Jamie Fullerton of the NME commended the work of producers James Ford and Paul Epworth, writing that, on tracks like "Dog Days Are Over" and "Rabbit Heart (Raise It Up)", they "create epic cauldron-swirls of Terminator-theme drums, Massive Attack atmospherics and twinkle-eye harp matched by Florence's grappling of skyward choruses", but found that "with the likes of 'I'm Not Calling You A Liar' and 'Howl' boasting similarly windy production yet no identifiable tunes the results sound aimless—if harmless."Drowned in Sound's Ed Miller commented on the comparisons drawn between Welch and Kate Bush, arguing, "Like Bush, but minus the mark of genius, listening to Florence and the Machine can sometimes feel like being led by the hand through a story world by a girl who has forgotten to grow up." However, Miller critiqued that "[t]he only major problems are the inclusion of a cover of 'You've Got The Love', which is an example of a bonus track ruining the flow of an album, and 'Hurricane Drunk', a vehicle for a very questionable chorus." Genevieve Koski of The A.V. Club felt that "[a]t times, Lungs borders on exhausting, careening as it does from one over-the-top track to the next. [...] But with a voice as strong and emotive as hers, it's not surprising that Welch has little use for moments of quiet contemplation."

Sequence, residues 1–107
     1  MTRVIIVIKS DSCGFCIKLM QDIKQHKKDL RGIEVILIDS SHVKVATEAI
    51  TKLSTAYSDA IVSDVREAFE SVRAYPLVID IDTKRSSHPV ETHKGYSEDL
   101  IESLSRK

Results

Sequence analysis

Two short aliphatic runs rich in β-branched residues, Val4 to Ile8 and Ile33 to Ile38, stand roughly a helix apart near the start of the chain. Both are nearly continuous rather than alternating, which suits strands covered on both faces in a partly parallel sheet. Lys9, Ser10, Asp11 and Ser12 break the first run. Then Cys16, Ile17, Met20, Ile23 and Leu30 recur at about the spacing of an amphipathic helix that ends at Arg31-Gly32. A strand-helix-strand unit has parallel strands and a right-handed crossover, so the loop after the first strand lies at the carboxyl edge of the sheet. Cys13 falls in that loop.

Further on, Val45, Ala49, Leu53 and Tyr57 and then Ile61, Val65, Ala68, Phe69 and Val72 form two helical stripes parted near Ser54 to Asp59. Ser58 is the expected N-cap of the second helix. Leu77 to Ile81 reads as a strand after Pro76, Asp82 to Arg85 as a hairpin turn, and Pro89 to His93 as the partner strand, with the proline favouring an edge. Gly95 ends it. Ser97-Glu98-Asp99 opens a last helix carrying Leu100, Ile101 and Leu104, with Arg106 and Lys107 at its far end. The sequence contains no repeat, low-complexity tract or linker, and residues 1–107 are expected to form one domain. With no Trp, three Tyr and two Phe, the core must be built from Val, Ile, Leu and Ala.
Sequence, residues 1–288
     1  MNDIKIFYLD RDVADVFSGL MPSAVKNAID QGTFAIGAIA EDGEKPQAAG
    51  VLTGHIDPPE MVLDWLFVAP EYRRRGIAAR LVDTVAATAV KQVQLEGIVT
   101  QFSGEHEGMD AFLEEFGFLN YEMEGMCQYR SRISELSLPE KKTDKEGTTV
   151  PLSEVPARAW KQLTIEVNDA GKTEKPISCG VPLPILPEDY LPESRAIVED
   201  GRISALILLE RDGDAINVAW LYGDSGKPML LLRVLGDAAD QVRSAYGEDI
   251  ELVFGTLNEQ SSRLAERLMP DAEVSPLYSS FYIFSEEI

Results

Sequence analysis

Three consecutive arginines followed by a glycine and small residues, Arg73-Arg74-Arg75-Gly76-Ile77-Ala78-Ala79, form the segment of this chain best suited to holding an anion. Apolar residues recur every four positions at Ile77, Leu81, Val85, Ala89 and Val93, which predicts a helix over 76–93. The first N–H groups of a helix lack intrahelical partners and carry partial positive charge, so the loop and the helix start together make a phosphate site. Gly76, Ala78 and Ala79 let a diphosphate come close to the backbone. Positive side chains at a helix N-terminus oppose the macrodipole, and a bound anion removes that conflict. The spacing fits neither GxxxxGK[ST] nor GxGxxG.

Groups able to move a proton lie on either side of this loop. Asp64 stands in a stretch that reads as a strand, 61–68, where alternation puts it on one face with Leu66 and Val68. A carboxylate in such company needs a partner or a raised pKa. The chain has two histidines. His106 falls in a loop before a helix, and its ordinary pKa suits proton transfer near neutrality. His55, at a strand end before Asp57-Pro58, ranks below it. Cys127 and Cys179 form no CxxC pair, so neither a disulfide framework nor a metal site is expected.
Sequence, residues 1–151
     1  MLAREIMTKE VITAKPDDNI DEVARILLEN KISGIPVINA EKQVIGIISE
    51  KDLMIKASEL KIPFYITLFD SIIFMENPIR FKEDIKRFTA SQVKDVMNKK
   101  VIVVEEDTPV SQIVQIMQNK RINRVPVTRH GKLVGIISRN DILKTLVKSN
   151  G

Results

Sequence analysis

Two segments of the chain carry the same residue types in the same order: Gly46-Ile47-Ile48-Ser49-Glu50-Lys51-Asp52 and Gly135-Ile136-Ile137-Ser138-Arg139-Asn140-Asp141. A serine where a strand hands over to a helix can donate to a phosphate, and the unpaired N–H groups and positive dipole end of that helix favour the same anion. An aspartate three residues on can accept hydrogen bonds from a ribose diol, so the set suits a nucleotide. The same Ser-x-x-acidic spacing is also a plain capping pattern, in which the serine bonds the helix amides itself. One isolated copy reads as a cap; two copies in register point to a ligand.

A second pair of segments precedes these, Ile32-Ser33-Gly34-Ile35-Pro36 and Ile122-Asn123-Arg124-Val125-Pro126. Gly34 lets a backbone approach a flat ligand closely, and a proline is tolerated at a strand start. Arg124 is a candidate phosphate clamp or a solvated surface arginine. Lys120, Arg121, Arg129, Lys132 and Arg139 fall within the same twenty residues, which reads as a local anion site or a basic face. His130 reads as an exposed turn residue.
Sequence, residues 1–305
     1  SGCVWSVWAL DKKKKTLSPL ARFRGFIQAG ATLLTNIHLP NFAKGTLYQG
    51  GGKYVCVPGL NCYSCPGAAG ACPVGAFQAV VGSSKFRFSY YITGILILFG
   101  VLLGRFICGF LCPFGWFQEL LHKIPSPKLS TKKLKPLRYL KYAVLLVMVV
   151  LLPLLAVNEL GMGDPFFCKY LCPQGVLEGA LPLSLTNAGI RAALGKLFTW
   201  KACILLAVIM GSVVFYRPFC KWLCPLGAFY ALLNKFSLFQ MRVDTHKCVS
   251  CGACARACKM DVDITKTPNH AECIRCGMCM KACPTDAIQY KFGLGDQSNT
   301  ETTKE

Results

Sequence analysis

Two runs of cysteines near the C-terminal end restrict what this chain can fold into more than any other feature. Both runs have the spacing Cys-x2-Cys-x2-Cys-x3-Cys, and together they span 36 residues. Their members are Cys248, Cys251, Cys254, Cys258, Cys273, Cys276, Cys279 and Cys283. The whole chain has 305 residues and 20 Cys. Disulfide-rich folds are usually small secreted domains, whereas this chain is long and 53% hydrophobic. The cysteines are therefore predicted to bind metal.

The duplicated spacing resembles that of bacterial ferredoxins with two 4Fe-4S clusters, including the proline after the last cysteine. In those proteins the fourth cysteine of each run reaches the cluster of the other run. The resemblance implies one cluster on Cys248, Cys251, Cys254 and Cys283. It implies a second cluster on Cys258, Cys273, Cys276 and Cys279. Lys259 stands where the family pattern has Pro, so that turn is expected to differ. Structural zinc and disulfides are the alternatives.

Florence and the Machine announced via their website on 24 September 2010 that Lungs would be re-released on 15 November in a two-disc package titled Between Two Lungs. The release features new sleeve art, liner notes penned by frontwoman Florence Welch, and an extra twelve-track CD including live versions, remixes, the singer's mash-up collaboration with Dizzee Rascal, "You Got the Dirtee Love", and "Heavy in Your Arms", which was featured on the soundtrack to The Twilight Saga: Eclipse. The live recordings were from the band's performance at the 2010 iTunes Festival, most of which were not previously available on the iTunes Festival: London 2010 EP.
On 27 February 2011, Lungs – The B-Sides was made exclusively available in the US to digital music retailers such as the iTunes Store and Amazon MP3. This coincided with the release of a deluxe version of Lungs in the US featuring these eleven tracks bundled with the original thirteen-track release.
Welch, Mackey, Stafford, James
"Heavy in Your Arms"
"You've Got the Dirtee Love" (Live at the BRIT Awards 2010 with Dizzee Rascal)